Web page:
This research article examines cultural policies designed by local government authorities and their impact on social and regional development in the municipality of Xanthi, Thrace. It also analyzes and examines the cultural activities implemented by the Greek municipalities. In particular, it reflects upon events, changes, and concerns that involve cultural affairs, and evaluates their socioeconomic, political, spatial, and regional dimensions. Considering that the locality is part of the totality, the process of achieving cultural development in Xanthi is particularly interesting, as it is fundamental to the entire Greek cultural image. The regional element of the area can be also identified as national. Consequently, local cultural development becomes an essential part of national development. This study could trigger a fertile and constructive process of reflection on the role of local cultural policy in further achieving social and economic development. The issues raised by the research contribute to scientific research and dialogue and highlight the role of municipalities as active cultural assets with distinct cultural identities in the context of a Europe of Regions. Full article
(This article belongs to the Special Issue Cultural Heritage: Current Threats and Opportunities)
Show Figures

Figure 1

Open AccessTechnical Note
Using Different Ways of 3D Reconstruction of Historical Cities for Gaming Purposes: The Case Study of Nafplio
Heritage 2019, 2(3), 1799-1811; https://doi.org/10.3390/heritage2030110 - 02 Jul 2019
Cited by 2
Abstract
Virtual reality (VR) technologies offer a unique opportunity in “3D reconstruction” of cultural monuments and historical cities that do not longer exist or have been modified (partially or totally). Even though technological capabilities are growing fast, emphasis is mainly given on developing virtual [...] Read more.
Virtual reality (VR) technologies offer a unique opportunity in “3D reconstruction” of cultural monuments and historical cities that do not longer exist or have been modified (partially or totally). Even though technological capabilities are growing fast, emphasis is mainly given on developing virtual museums and exhibitions, while archaeological places and excavations are following. The present paper presents two distinct approaches for 3D reconstruction of the historical city of Nafplio (Greece), by developing 3D models for buildings and monuments the way they used to be in the 19th century. The authors have used their professional and academic experience deriving from their participation in a European Commission co-funded project in the framework of the Partnership Agreement 2007–2013, which was implemented by the “V. Papantoniou” Peloponnesian Folklore Foundation (the project’s beneficiary) in Nafplio. The authors aim (a) to present the importance of reconstructing past cities and (b) to implement gaming technologies in cultural organizations as a means of achieve specific educational goals. Results point out the growing need for close cooperation between the cultural and academic worlds with 3D creators, and, moreover, reveal obstacles and opportunities in reconstructing historical cities and monuments. Full article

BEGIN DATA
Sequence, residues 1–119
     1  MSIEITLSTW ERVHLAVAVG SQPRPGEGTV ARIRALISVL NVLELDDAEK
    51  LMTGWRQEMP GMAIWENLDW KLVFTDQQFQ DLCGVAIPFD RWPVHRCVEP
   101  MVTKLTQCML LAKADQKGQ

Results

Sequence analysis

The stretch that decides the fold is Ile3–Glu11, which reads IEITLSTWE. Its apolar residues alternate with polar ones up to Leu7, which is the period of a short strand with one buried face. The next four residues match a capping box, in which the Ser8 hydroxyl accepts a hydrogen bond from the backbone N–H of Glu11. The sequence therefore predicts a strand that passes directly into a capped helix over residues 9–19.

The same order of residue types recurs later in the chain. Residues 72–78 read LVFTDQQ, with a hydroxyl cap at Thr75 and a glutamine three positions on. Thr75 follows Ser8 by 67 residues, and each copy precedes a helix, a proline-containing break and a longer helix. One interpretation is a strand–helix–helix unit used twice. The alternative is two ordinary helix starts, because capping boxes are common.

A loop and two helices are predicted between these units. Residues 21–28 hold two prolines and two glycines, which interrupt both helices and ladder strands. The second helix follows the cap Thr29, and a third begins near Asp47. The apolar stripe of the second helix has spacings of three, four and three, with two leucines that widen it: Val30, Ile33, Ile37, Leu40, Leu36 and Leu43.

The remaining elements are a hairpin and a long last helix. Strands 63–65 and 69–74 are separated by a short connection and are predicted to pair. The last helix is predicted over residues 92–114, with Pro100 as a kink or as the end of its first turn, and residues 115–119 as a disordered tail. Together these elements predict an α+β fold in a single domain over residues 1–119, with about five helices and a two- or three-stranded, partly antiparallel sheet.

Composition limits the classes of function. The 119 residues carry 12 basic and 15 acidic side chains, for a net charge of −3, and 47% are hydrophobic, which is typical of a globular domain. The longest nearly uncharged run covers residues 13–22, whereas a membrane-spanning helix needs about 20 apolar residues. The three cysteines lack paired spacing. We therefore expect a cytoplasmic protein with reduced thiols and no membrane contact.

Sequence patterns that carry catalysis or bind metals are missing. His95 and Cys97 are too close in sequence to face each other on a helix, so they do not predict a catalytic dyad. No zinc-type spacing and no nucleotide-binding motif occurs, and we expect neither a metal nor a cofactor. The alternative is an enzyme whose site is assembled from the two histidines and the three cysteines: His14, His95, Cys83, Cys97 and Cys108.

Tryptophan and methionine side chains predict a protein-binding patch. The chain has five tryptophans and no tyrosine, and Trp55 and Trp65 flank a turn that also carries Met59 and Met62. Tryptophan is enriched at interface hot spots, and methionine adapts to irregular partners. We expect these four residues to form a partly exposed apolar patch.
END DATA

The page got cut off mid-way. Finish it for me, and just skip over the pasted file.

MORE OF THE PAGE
(This article belongs to the Special Issue Cultural Heritage: Current Threats and Opportunities)
Show Figures

Figure 1

Open AccessTechnical Note
Reconnecting Nature and Culture—The INCREAte Approach and Its Practical Implementation in the Island of Kythera
Heritage 2019, 2(2), 1630-1639; https://doi.org/10.3390/heritage2020100 - 05 Jun 2019
Abstract
Integrated Nature CultuRE Approach (INCREAte) promotes the interconnection of culture and nature. this approach primarily targeted toward nature conservation managers but is also applicable to any agent working on nature–culture issues or area and resource management. The focus of this approach is to [...] Read more.
Integrated Nature CultuRE Approach (INCREAte) promotes the interconnection of culture and nature. this approach primarily targeted toward nature conservation managers but is also applicable to any agent working on nature–culture issues or area and resource management. The focus of this approach is to guide users to design more integrated and efficient conservation projects by working on issues related to culture while also addressing stakeholders’ participation and human wellbeing. Allowing users to be selective and flexible, such issues can also be incorporated in ongoing projects, making the INCREAte approach a practice-oriented guidance and toolkit rather than a "take it or leave it" option. It was developed by the Scientific Secretariat of the Mediterranean Institute for Nature and Anthropos (MedINA) that, since 2003, promotes joint management of natural and cultural heritage and the strengthening of the diachronic relationship between humankind and nature. This approach has been successfully tested in Kythera, where a strategy for tourism has been designed through a sequence of its relevant steps. The main focus of the strategy is the development of an integrated and innovative trail network, which, coupled with the accompanying activities of the programme, is designed to reveal and sustain the natural and cultural heritage of the island. Full article
(This article belongs to the Special Issue Cultural Heritage: Current Threats and Opportunities)
Show Figures

Figure 1

Back to TopTop